Georgia is experiencing a hepatitis A outbreak and Chattooga County is one area seeing a concentration of those cases, the state Department of Public Health said.
Since January, 316 cases of hepatitis A have been identified statewide. Out of the 159 counties in Georgia, Chattooga County has 24 confirmed cases. The Northwest Georgia Public Health region, which consists of 10 counties has a significant amount of the hepatitis A cases with 143 confirmed, according to Northwest Georgia Public Health District spokesman Logan Boss.
An outbreak of Hepatitis A cases started earlier this year in Tennessee and slowly started trickling into Northwest Georgia, according to Boss.
“We have been dealing with a hepatitis A outbreak that is not confined to Chattooga County,” Boss said.
This highly contagious liver infection is spread like many viruses. It’s ingested from objects, food or drinks that are contaminated by small, undetected amounts of feces from an infected person, according to state health officials.
It’s also spread through personal contact with an infected person. Such examples include sexual contact or even close personal contact.
Friday a local health official said the number of new cases in Chattooga seems to be leveling off. The rate of infection has spiked more than the previous years. In 2017, only 24 cases reported and there were 37 confirmed in 2016.
“Some of the groups that are high-risk include drug users, homeless people, men who have sex with men,” Boss said.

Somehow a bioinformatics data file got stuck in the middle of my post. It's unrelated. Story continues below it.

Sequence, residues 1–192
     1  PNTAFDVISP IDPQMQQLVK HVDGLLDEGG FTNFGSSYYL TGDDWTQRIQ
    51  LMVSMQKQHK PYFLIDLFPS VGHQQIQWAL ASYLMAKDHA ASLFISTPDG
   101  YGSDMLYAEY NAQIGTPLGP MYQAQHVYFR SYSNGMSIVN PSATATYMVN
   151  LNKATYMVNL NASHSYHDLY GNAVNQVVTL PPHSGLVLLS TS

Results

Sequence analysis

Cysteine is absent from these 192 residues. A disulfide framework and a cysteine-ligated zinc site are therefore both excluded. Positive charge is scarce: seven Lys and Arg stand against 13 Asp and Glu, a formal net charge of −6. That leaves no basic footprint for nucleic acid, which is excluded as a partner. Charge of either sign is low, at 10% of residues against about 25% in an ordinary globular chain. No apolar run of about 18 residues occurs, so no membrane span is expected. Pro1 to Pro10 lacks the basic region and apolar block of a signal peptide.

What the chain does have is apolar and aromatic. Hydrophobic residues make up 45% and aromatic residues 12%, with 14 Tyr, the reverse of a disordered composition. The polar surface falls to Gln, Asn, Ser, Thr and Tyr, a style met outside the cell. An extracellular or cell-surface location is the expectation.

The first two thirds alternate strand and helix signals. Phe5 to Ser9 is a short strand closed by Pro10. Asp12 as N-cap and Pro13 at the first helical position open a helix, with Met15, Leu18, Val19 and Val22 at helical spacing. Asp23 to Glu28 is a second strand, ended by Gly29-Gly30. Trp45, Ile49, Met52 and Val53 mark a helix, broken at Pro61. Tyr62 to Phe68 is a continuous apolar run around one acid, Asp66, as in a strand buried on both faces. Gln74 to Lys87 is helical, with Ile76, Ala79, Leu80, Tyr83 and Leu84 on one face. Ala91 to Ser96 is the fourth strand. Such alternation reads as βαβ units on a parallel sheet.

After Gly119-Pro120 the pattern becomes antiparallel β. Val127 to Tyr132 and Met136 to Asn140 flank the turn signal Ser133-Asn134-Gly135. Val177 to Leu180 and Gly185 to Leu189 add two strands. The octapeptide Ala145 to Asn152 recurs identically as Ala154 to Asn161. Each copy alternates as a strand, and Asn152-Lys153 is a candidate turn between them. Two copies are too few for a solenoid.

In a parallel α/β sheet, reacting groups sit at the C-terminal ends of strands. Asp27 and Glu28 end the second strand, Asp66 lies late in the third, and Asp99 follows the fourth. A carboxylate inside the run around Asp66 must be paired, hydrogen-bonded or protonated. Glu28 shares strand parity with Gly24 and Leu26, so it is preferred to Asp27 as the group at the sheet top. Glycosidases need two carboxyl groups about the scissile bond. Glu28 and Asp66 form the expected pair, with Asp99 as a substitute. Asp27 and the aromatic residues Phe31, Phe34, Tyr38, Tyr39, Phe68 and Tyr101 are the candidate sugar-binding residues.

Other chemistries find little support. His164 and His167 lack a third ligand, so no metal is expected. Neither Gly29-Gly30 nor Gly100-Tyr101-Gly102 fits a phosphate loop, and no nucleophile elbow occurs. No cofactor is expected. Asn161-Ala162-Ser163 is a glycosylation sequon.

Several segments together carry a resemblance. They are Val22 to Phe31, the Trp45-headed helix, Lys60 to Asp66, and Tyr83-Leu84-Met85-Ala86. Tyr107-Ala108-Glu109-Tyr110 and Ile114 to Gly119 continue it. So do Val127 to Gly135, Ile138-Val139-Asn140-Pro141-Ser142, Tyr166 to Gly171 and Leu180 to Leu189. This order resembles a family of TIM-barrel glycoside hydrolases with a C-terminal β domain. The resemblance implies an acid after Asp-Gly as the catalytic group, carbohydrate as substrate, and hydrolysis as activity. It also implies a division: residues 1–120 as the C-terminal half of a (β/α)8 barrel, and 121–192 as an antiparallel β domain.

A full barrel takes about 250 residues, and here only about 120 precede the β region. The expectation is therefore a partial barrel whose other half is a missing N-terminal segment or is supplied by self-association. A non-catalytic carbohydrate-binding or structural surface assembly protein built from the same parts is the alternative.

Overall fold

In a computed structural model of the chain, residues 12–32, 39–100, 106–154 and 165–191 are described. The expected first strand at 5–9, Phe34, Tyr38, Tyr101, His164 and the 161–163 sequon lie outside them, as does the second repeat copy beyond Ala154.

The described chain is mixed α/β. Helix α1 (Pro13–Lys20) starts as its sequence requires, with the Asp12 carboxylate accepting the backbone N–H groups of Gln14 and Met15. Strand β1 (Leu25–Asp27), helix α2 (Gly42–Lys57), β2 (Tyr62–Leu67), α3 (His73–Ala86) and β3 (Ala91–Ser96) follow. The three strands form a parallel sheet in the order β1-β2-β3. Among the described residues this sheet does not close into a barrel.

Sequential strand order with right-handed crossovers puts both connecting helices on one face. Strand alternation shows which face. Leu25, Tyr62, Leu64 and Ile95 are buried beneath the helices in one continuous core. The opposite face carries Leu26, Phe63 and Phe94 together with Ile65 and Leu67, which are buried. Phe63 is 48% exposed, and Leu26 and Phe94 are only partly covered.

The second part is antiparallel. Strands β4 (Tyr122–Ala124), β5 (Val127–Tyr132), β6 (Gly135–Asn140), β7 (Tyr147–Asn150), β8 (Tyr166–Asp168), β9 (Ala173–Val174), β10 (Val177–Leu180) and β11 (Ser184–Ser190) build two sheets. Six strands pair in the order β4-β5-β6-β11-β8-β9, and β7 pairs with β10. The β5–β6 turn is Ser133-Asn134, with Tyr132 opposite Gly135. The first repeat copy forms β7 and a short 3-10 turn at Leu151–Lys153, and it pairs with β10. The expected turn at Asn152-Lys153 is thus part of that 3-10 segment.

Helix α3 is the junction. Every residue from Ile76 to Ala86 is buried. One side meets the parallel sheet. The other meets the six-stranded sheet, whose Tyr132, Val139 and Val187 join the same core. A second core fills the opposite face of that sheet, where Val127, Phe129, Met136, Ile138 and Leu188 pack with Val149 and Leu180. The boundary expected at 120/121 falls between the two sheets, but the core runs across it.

The high-risk group also includes people who are or were recently incarcerated, people with chronic liver disease including cirrhosis, hepatitis B or hepatitis C, according to state health officials.
“They really have seen an increase among methamphetamine users,” Chattooga County Sheriff Mark Schrader.
His deputies and jail staff regularly deal with two groups of people considered high-risk – inmates and drug users.
“We have not made it mandatory to vaccinate the jail. We are talking with our medical provider to see if there is a need,” Sheriff Schrader said.
There are things people can do to prevent hepatitis A, according to Boss.
Vaccination is on the top of that list, especially for people that are in the high-risk group.
The health department is offering vaccinations to deputies and jail staff, the sheriff said.
“The health department went out of their way to help,” the sheriff said.
In addition to vaccines, people can wash their hands with soap and water after using the bathroom and before eating or preparing food, according to state health information.
“People can contact the Chattooga County Health Department, 60 Farrar Drive, Summerville, 706-857-3471 for information about hepatitis A and the hepatitis A vaccine,” Boss said.
Hepatitis A symptoms include:
* Yellow skin or eyes (Jaundice)
* Joint pain
* Loss of appetite
* Abdominal pain
* Dark urine
* Clay-colored stools
Symptoms range from mild to severe and last a few weeks to several months. Rarely, hepatitis A causes death. Some people will need medical care in a hospital, according to state health officials.